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0152 Notes on Marco Polo : vol.1
Notes on Marco Polo : vol.1 / Page 152 (Color Image)

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doi: 10.20676/00000246
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losak, «mule », and Mong. lausa, lôsa, id. (? _ Ch. to-tzû), seems to be purely accidental. In Siberian dialects (Bar., Tur., Tob.), alasa means only « small », « small-sized », and such is the case also with Kir. alasa (< alak). MARR (Izv. Ak. Nauk, 1925, 971) would derive the word from the Abkh. word for «horse », which he divides into a-lak; speaking without authority, I should rather think that Abkh. alasa is borrowed from the Turkish.

This alasa, although unknown to-day in Mongolian, existed in that language in the past, since

we find in the Secret History (§ 273) the plural form alasas of a word alasa, with a Chinese translation ( (?1 huai-ma, «huai-horse ». Huai is only the name of a well-known river, and I cannot trace the origin of the term huai-ma. But it just happens to be used, also in the 13th cent., in a poem by Yüan Chüeh (1266-1327), as a designation of polo-ponies; and this connects Mong. alasa both with the « horse » and the « small-sized » meanings of the word in various Turkish dialects. The word has survived in Manchu, written alasan, with the meaning IA , i nu-ma, «broken-down horse », « jade » (Ssû-t'i ho pi wen-chien, 31, 69 b).

Since -a, -ai, -an endings are commonly interchangeable in Mongolian, it seems a natural

conclusion to identify with alasa the Alasai or Alasai[-nuntuq] of the Secret History and the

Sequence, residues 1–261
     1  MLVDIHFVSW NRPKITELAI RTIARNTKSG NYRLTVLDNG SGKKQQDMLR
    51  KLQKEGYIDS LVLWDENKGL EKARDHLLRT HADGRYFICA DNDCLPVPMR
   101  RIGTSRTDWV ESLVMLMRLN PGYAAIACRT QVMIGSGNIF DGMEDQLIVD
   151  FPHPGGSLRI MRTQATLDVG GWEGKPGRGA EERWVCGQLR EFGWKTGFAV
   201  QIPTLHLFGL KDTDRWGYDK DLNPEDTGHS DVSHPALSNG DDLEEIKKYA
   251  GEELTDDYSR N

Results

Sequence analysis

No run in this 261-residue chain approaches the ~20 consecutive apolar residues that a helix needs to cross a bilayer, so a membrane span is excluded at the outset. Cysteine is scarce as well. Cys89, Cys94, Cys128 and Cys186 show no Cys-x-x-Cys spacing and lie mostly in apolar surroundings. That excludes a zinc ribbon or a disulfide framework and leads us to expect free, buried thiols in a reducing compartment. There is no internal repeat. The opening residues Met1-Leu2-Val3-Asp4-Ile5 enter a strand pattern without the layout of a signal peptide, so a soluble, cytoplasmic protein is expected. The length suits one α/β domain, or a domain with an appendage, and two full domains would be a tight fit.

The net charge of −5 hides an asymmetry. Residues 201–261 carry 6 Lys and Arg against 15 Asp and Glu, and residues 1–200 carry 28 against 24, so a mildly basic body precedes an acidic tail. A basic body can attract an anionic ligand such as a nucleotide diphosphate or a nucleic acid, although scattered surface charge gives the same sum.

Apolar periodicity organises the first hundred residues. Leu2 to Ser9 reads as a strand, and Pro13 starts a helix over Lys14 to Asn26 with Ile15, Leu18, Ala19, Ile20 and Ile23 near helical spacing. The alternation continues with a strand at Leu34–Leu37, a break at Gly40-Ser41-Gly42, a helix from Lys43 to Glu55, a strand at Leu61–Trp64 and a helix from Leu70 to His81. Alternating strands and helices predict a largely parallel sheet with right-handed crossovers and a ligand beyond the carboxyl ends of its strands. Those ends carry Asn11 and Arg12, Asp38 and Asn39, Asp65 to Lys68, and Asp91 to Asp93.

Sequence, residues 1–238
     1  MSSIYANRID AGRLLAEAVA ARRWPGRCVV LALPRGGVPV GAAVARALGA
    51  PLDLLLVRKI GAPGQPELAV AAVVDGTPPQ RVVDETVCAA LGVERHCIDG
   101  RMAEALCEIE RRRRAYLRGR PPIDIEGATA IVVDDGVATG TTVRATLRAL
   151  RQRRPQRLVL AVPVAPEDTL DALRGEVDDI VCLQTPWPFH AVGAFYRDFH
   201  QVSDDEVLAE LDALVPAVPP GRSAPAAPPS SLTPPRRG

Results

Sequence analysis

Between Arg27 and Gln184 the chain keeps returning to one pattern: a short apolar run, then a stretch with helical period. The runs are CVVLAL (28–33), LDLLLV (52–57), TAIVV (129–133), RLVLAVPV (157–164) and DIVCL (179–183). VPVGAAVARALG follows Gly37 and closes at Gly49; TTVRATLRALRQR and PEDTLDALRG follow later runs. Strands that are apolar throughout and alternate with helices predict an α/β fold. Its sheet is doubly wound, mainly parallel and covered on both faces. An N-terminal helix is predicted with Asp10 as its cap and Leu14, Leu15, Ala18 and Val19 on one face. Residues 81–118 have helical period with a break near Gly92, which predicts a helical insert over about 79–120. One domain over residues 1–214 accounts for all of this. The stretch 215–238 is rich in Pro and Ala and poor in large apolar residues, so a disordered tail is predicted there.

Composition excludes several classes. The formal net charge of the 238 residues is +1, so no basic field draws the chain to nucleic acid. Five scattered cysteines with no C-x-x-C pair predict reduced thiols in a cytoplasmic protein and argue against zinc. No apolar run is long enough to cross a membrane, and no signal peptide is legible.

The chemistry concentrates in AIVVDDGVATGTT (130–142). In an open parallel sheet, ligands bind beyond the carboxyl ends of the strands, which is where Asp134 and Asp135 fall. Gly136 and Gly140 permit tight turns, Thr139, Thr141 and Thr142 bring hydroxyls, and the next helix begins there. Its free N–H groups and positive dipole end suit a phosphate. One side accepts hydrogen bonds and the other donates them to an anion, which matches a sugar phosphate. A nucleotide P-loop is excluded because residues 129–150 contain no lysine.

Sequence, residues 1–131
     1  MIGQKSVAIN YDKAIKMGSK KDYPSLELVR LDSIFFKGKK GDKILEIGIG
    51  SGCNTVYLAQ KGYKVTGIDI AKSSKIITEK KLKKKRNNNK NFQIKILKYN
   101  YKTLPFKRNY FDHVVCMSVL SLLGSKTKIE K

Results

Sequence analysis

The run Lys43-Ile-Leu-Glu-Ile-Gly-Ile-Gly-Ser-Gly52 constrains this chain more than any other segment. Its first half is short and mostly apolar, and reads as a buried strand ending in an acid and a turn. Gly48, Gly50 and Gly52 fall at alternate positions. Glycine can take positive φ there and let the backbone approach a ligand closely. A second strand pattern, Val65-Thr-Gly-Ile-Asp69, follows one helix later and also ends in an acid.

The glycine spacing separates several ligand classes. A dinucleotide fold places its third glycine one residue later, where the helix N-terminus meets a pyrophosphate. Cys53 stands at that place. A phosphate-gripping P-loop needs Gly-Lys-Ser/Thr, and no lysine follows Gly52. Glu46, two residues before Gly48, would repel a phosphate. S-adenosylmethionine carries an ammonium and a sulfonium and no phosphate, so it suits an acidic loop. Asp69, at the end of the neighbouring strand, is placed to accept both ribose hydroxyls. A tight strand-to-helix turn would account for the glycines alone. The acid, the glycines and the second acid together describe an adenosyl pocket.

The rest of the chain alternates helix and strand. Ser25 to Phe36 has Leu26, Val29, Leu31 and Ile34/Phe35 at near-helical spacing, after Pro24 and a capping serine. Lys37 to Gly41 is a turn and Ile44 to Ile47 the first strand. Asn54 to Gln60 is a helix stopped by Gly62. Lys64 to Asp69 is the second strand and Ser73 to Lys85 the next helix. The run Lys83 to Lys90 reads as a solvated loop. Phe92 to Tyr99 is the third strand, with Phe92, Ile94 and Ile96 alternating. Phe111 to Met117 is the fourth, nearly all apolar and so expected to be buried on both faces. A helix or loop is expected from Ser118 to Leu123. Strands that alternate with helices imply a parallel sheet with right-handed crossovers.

modern « Alashan » (Alasan). An pi f 7~1   ► ifi A-la-sha-a-lan-shan occurs in YS, 1CO, 2 a
(also Hsin Yüan shih, 100, 4 a), but I do not know what to make of it. Our « Alashan » is

written Alasan in Manchu and Mongolian, but Rif   (J] A-Ian-shan-shan (« *Mangan mountains »)
in Chinese, in Ssû-t'i ho pi wên-chien, 3, 62 a. In any case, it is clear that «Aiashan» is to be transcribed in one word, and not « A-la Shan » or « Ala Shan » as in almost all our books and maps, including Br, I, 239, and STEIN, Serindia, 724 (not to mention « Ara-shan » in both editions of GILES's Chin.-Engl. Dict., or the « Alade-shan » of Y, I, 282, which I corrected in Y, III, 62).

But we are faced now with two difficulties : the initial c- of Calacian if we are to connect it with Alagsai, «Aiashan », and the choice which is to be made between Ho-lan < *ala, «motley »,

« piebald », and alaki -   -- alasa, « small-sized horse ».

The initial c- of « Calacian » cannot be explained as a notation of mediaeval Mongolian h-, as

is the case for instance with « Cogacin » (q. v.) = *Hugäcin, since ala is not among the Mongol words formerly beginning with h-, and since moreover Rasidu-'d-Din would then write the name with h-, while he uses here h-. Provisionally, I suppose that Polo's « Calacian » and Rasid's Halâjan or Haljan represent the Hsi-Hsia form of the name, which had hardened the initial alif rendered by y- in the ancient transcription Ho-lan (*yâ-lân), and by h- in the Tibetan « Ha-la yunlog ». Unfortunately, this conjectural Hsi-Hsia form does not seem to have any modern

representative.   A word 11 N   k'a-êrh-chan enters into a place-name of the Alashan region

(Ta-Ch'ing i-t'ung chih, 412 B, I a), but it occurs also in many different place-names all over Mongolia; although PoPOV has read it sometimes as liarjan, sometimes as halyan (Mên-gu-yumu-czi, 62, 66, 83, 110, 111, 487), it seems to be always Mong. halJan (< galfan), «bald », and I do not think it can have anything to do with « Calacian ».

As to the second point, I feel that we should separate ala, *alac, alea, «motley », and alak, «small », «gelding », «small-sized horse ». It is possible that, in the course of time, the original name meaning «piebald horse » was replaced by the other one, of somewhat similar sound, meaning «small-sized horse », but I can offer no proof beyond the bare fact of the double name;